Two current lawmakers allegedly have sexually harassed congressional staff in the past. And a former staffer reportedly asked to deliver papers to a member’s home was greeted by him wearing only a towel.
Such allegations are rare. Members of Congress seldom criticize colleagues for misconduct, especially when the allegation is sexual harassment. Speier and Comstock’s accounts are among dozens detailing a hostile and predatory environment for female staffers that have emerged after accusations targeting Hollywood producer Harvey Weinstein seemingly broke through a conspiracy of silence pervasive in many of the nation’s most respected and influential institutions.
Accusations involving current and former members of Congress and staff have reinvigorated efforts to provide more protections for victims on the Hill. But so far, no prominent lawmakers have been named.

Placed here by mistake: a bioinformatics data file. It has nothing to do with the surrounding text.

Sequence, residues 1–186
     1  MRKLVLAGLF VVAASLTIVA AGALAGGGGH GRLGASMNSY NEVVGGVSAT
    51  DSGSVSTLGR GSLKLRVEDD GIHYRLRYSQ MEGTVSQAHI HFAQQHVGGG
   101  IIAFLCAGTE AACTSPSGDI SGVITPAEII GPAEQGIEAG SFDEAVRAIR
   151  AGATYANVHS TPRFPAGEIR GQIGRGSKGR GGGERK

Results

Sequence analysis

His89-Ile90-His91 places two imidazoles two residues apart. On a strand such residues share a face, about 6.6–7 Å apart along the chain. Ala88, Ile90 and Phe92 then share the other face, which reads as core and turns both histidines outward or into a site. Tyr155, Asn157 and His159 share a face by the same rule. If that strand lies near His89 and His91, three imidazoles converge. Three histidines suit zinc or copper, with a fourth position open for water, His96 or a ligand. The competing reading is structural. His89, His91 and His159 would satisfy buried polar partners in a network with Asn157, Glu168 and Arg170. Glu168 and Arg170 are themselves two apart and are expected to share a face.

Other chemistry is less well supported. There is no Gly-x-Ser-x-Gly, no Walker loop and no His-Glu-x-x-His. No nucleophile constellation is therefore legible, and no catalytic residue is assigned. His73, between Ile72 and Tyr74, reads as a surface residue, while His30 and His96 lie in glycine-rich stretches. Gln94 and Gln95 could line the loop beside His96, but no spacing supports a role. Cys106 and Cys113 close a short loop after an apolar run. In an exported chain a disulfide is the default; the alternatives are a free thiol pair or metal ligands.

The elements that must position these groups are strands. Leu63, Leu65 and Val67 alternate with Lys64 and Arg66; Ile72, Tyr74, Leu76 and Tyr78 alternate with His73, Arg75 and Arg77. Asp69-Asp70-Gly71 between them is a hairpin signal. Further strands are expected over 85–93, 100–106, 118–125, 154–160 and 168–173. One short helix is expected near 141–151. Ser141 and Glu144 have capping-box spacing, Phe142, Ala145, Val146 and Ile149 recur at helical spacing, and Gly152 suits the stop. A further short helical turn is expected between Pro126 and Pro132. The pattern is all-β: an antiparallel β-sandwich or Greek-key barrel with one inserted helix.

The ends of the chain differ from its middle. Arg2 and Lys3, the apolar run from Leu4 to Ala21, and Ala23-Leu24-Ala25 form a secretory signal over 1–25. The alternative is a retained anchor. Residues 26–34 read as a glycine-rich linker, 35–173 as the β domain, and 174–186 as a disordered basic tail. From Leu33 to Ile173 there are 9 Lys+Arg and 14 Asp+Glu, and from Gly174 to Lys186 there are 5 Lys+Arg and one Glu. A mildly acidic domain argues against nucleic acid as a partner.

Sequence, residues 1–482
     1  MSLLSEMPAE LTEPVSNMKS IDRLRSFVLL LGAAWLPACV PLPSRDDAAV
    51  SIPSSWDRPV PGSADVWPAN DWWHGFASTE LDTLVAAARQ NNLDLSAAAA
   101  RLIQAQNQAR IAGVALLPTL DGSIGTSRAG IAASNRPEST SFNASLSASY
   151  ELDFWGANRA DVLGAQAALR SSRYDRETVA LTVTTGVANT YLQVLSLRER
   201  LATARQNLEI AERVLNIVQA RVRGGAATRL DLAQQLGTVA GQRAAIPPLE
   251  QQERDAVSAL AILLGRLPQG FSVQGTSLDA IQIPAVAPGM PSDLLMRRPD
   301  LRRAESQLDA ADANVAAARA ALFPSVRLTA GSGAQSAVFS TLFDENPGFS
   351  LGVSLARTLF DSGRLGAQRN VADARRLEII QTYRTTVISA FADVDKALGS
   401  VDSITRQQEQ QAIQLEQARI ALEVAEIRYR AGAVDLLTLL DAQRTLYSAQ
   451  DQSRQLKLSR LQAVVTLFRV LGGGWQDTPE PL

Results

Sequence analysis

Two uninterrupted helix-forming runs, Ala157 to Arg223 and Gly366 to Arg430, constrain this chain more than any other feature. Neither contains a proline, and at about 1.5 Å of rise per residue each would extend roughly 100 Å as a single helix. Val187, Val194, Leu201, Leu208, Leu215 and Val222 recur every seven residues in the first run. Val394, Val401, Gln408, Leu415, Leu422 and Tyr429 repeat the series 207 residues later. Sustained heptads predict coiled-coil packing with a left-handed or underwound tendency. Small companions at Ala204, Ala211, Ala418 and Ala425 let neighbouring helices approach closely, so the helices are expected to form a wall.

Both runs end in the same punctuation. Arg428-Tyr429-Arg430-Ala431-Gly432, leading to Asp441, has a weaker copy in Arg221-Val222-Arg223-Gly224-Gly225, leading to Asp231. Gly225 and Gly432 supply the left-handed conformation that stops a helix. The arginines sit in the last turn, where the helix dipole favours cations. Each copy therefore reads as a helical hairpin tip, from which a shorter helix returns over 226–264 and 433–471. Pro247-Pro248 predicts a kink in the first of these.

“I have had numerous meetings and phone calls with staff members both present and former, women and men who have been subjected to this inexcusable and oftentimes illegal behavior,” said Speier, who testified at the hearing and questioned witnesses.
Speier said there are two members of Congress, a Republican and a Democrat, “who have engaged in sexual harassment.”
“These harassers [made] propositions such as ‘Are you going to be a good girl?’” Speier said. She also spoke of misconduct from “perpetrators exposing their genitals, to victims having their private parts grabbed on the House floor.”